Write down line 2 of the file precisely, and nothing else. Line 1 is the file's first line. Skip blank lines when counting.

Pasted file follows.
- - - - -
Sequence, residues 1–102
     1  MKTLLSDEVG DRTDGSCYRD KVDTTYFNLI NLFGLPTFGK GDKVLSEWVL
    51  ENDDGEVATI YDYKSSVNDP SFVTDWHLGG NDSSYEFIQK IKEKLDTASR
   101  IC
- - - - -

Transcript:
     1  MKTLLSDEVG DRTDGSCYRD KVDTTYFNLI NLFGLPTFGK GDKVLSEWVL